Efficacy of yoga for vasomotor symptoms: A randomized controlled trial

Katherine M. Newton, Susan D. Reed, Katherine A. Guthrie, Karen J. Sherman, Cathryn Booth-Laforce, Bette Caan, Barbara Sternfeld, Janet S. Carpenter, Lee A. Learman, Ellen W. Freeman, Lee S. Cohen, Hadine Joffe, Garnet L. Anderson, Joseph C. Larson, Julie R. Hunt, Kristine E. Ensrud, Andrea Z. Lacroix

Research output: Contribution to journalArticle

61 Scopus citations

Abstract

OBJECTIVE: This study aims to determine the efficacy of yoga in alleviating vasomotor symptoms (VMS) frequency and bother. METHODS: This study was a three-by-two factorial, randomized controlled trial. Eligible women were randomized to yoga (n = 107), exercise (n = 106), or usual activity (n = 142), and were simultaneously randomized to a double-blind comparison of ω-3 fatty acid (n = 177) or placebo (n = 178) capsules. Yoga intervention consisted of 12 weekly 90-minute yoga classes with daily home practice. Primary outcomes were VMS frequency and bother assessed by daily diaries at baseline, 6 weeks, and 12 weeks. Secondary outcomes included insomnia symptoms (Insomnia Severity Index) at baseline and 12 weeks. RESULTS: Among 249 randomized women, 237 (95%) completed 12-week assessments. The mean baseline VMS frequency was 7.4 per day (95% CI, 6.6 to 8.1) in the yoga group and 8.0 per day (95% CI, 7.3 to 8.7) in the usual activity group. Intent-to-treat analyses included all participants with response data (n = 237). There was no difference between intervention groups in the change in VMS frequency from baseline to 6 and 12 weeks (mean difference [yoga-usual activity] from baseline at 6 wk,-0.3 [95% CI,-1.1 to 0.5]; mean difference [yoga-usual activity] from baseline at 12 wk,-0.3 [95% CI,-1.2 to 0.6]; P = 0.119 across both time points). Results were similar for VMS bother. At week 12, yoga was associated with an improvement in insomnia symptoms (mean difference [yoga-usual activity] in the change in Insomnia Severity Index, 1.3 [95% CI,-2.5 to-0.1]; P = 0.007). CONCLUSIONS: Among healthy women, 12 weeks of yoga class plus home practice, compared with usual activity, do not improve VMS frequency or bother but reduce insomnia symptoms.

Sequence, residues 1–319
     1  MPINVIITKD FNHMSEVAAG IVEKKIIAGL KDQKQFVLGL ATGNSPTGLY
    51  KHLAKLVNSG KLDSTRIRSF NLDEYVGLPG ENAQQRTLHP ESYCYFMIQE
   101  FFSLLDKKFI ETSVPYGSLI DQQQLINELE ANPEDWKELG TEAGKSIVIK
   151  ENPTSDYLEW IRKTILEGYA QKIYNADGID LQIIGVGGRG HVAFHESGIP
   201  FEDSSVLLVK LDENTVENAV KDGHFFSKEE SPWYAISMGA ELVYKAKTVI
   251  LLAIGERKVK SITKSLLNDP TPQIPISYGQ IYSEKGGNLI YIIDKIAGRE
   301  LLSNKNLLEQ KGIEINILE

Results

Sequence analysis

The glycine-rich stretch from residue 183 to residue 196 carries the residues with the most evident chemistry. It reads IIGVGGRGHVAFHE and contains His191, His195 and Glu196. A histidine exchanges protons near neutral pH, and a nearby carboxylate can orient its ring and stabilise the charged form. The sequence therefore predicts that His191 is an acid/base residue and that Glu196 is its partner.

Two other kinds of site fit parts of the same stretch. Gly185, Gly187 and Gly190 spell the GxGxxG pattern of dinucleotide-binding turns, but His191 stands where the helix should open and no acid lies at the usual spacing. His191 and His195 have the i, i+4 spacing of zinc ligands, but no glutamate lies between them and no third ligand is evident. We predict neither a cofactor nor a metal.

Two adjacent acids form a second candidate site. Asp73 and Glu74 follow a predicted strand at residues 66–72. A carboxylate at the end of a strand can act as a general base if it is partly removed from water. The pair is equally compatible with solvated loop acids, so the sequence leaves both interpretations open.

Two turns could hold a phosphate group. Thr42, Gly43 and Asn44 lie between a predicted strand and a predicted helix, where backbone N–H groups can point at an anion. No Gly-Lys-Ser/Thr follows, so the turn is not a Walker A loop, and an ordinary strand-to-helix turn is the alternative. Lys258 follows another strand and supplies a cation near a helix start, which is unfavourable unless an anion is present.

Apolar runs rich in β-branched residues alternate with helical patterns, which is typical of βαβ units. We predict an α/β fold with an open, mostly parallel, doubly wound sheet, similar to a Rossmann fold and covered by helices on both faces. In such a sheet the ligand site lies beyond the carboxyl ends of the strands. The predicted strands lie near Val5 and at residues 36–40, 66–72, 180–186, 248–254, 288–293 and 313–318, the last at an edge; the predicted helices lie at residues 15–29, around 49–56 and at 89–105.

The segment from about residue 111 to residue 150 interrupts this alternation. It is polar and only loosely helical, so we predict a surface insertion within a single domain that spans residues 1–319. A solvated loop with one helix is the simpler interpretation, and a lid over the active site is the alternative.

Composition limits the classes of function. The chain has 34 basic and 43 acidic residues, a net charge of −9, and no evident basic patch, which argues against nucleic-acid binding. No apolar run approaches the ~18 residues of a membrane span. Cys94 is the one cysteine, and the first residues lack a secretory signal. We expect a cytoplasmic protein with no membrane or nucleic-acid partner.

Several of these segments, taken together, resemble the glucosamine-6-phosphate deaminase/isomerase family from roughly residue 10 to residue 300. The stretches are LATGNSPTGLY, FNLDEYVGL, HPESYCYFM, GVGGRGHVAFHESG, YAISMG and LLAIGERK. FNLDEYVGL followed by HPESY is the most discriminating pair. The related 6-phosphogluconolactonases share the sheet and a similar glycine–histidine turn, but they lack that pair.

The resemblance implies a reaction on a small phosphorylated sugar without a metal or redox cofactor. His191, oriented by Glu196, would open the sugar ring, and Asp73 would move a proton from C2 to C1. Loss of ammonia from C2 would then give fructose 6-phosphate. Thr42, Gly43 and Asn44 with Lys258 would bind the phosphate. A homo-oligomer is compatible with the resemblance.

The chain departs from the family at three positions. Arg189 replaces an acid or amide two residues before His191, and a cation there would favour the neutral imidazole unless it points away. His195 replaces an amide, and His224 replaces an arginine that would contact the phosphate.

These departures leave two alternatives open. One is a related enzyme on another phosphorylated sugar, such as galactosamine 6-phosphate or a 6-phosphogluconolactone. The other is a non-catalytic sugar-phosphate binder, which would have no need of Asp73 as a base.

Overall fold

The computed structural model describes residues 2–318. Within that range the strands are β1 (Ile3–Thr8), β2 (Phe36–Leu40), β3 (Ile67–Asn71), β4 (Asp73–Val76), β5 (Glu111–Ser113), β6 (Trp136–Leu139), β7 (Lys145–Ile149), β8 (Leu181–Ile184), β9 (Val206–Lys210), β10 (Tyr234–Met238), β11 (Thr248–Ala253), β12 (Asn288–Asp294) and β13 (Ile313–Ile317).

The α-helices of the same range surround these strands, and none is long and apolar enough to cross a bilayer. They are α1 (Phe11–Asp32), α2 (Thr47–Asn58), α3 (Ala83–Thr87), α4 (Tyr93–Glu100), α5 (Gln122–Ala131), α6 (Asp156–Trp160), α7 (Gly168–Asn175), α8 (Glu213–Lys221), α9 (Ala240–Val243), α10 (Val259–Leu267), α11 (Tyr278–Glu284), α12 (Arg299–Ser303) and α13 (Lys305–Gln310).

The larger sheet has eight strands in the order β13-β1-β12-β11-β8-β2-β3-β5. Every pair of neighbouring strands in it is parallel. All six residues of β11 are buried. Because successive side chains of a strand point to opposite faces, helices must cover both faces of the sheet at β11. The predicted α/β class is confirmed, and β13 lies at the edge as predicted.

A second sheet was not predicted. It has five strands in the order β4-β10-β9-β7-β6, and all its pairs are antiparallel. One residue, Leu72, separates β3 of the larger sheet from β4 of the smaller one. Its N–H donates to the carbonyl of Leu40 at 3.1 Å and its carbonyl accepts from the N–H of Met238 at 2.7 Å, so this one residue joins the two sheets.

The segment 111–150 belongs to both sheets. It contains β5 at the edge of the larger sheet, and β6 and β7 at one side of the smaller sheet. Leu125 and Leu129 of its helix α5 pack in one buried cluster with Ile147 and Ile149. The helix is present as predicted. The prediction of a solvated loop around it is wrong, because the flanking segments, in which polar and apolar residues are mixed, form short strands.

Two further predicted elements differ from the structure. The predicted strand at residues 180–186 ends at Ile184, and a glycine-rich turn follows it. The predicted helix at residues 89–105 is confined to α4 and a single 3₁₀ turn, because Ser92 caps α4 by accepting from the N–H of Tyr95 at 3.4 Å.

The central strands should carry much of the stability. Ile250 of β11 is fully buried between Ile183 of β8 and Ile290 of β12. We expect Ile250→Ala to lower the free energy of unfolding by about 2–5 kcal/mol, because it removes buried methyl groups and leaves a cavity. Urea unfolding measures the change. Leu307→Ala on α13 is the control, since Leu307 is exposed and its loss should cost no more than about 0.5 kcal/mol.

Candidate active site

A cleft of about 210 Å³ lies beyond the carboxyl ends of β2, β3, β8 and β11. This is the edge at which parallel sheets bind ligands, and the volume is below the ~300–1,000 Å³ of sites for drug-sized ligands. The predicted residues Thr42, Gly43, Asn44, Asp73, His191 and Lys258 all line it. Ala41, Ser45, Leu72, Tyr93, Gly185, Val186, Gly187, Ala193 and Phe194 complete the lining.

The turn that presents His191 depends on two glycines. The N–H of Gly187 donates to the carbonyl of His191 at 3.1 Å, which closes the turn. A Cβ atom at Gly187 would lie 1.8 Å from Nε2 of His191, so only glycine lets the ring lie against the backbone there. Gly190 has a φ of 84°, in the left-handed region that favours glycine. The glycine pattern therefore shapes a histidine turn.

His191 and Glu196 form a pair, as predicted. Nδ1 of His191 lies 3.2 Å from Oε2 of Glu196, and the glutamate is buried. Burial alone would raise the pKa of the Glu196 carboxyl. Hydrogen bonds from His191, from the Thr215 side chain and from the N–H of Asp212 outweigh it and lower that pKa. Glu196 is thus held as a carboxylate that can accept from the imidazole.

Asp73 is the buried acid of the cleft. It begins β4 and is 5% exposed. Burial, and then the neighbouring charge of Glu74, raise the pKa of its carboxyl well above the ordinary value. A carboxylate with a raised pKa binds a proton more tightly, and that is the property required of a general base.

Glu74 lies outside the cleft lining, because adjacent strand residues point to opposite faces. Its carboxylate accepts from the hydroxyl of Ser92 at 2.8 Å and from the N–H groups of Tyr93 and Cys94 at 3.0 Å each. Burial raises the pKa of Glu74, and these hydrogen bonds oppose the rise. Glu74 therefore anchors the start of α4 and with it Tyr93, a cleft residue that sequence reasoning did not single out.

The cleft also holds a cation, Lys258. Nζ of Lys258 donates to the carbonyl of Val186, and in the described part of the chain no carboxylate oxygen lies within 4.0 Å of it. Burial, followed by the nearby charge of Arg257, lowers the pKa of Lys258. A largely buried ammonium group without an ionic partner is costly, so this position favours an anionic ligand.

Original languageEnglish (US)
Pages (from-to)339-346
Number of pages8
JournalMenopause
Volume21
Issue number4
DOIs
StatePublished - Apr 2014

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Keywords

  • Clinical Trials Network
  • Hot flashes
  • Meditation
  • Menopause
  • Vasomotor symptoms
  • Yoga

ASJC Scopus subject areas

  • Obstetrics and Gynecology
  • Medicine(all)

Cite this

Newton, K. M., Reed, S. D., Guthrie, K. A., Sherman, K. J., Booth-Laforce, C., Caan, B., Sternfeld, B., Carpenter, J. S., Learman, L. A., Freeman, E. W., Cohen, L. S., Joffe, H., Anderson, G. L., Larson, J. C., Hunt, J. R., Ensrud, K. E., & Lacroix, A. Z. (2014). Efficacy of yoga for vasomotor symptoms: A randomized controlled trial. Menopause, 21(4), 339-346. https://doi.org/10.1097/GME.0b013e31829e4baa